Lindsay Lewis

English/ ESL consultant: Word worker, writer, teacher, mentor and poet. Author of This Won’t Hurt a Bit! on writing clear content.


Esi Edugyan wins the Giller Prize- twice!

Posted by on 9:10 am in Posts | 0 comments

Washington Black: A must read! If you have not heard of Esi Edugyan, you are in for a grand surprise. I’m a voracious reader, but I can’t remember the last time I stayed up until 2 a.m. to read, and then finished the novel at 7 a.m-over 400 pages of pure bliss! Washington Black is a young slave, brutally abused and scarred on a plantation in Barbados, in 1830. The narrative sweeps the reader through stunning descriptions of life on a plantation, capturing the colonial atmosphere in breathtaking detail. Erasmus Wilde , the owner,...

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My dinner with Emily , former student and author

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A Cruelty Special to our Species Emily Yoon, my former student and author of A Cruelty Special to our Species paid me a visit Friday evening after doing a reading and workshop at SMUS, her former school. Her poetry addresses a topic rarely discussed- The occupation of Korea and abuse of women. Her poetry is lucid and strong, describing atrocities which are never openly touched upon. I’m so proud of her. Her book has received rave reviews and is well worth reading.I’m so proud of you sweet...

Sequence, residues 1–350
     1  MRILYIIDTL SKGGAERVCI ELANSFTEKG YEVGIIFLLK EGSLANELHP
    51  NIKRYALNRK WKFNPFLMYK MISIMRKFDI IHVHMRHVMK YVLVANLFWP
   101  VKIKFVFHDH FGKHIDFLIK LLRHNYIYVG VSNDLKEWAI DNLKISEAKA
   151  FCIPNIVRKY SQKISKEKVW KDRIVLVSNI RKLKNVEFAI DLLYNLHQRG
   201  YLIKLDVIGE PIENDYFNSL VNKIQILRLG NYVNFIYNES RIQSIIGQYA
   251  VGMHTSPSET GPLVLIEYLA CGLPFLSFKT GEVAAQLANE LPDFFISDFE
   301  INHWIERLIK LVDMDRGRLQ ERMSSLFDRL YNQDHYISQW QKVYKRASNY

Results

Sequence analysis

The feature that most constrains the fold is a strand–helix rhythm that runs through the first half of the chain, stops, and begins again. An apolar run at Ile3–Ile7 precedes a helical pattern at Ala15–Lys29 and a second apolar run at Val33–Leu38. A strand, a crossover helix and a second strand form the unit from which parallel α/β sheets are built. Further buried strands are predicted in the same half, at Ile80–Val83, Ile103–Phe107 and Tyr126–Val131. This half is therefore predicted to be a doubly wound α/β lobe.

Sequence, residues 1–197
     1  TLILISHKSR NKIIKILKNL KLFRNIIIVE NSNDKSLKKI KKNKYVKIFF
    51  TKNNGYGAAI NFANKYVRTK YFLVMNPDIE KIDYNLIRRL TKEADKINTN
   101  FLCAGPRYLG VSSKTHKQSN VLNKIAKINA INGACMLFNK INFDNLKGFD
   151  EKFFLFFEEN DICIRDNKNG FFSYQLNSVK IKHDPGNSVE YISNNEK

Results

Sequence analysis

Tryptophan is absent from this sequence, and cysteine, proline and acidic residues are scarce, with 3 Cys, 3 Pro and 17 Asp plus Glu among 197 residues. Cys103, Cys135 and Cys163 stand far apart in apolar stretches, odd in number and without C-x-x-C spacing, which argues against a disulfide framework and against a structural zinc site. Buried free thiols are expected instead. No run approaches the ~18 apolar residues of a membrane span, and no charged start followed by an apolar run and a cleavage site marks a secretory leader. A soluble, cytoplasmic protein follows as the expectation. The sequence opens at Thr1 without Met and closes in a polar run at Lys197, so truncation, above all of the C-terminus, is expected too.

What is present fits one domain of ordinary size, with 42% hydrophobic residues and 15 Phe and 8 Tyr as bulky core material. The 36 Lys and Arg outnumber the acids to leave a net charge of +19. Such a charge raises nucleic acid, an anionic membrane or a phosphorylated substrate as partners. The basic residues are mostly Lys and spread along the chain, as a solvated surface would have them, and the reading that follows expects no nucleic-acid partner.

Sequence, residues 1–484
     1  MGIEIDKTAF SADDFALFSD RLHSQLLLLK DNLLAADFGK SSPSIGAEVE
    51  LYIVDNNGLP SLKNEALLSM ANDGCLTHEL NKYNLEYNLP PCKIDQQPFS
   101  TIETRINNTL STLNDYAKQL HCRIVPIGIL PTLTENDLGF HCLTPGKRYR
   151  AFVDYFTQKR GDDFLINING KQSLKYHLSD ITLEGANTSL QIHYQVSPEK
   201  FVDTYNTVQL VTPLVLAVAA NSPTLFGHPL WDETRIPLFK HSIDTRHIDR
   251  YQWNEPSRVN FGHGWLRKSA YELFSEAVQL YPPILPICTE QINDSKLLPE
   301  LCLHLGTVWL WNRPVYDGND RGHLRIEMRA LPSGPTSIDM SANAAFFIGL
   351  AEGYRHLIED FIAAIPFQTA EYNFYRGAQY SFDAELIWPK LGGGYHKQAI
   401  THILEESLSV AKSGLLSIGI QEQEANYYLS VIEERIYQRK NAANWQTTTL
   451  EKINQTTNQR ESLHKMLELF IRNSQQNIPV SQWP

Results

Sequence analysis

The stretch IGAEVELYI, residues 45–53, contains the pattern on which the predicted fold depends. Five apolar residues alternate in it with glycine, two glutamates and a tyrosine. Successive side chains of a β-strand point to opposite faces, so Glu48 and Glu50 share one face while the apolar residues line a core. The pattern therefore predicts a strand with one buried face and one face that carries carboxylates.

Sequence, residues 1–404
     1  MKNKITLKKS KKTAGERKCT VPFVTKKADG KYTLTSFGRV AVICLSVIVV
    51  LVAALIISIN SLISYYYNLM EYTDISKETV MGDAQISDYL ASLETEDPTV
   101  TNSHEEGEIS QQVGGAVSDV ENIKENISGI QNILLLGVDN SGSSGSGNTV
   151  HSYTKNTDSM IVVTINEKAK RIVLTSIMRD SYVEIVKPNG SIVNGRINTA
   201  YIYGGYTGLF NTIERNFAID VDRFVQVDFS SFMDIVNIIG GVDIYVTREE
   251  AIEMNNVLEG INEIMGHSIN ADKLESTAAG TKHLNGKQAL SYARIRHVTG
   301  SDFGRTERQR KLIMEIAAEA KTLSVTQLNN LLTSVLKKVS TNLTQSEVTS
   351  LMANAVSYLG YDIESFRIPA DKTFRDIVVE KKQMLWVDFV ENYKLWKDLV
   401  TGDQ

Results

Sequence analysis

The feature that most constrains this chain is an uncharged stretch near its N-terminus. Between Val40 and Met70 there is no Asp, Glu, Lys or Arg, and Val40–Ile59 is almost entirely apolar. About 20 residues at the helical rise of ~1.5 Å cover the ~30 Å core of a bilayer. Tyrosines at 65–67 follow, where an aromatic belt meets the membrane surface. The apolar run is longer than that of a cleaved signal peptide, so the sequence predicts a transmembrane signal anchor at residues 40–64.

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Gender neutral pronouns. Crossing the linguistic bridge.

Posted by on 9:11 am in Posts | 0 comments

I have just written a proposal to the Oxford Dictionary committee that the word e (pronounced E) be created as a gender neutral third person singular pronoun. English would have he/ she / e / to describe trans-gendered people who do not identify strongly with either male or female traits. I met a store clerk the other day who was wearing the same blue nail polish as I was. I had blue toes and he/she had blue fingernails. We had a very interesting conversation and when I left, I felt awkward realizing that there was no pronoun for him/ her....

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Merry Christmas ! …. stick Happy Holidays up the turkey!!!

Posted by on 3:44 pm in Posts | 0 comments

In Orwell’s dystopian novel, the citizens must use Newspeak, a government imposed, restricted version of English which makes complex thought nearly impossible. With the change and reduction of words comes the elimination of intellect. This process enables the government to control the masses. Why have a word such as magnificent when one could use the insipid word double-good. I reflect on the power of words as I observe the insidious phrase Happy Holidays replacing Merry Christmas. Does it matter? Yes, and I’ll explain why....

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Lost and Found: A poignant novel by Brooke Davis. What a gem!!

Posted by on 9:24 am in Posts | 0 comments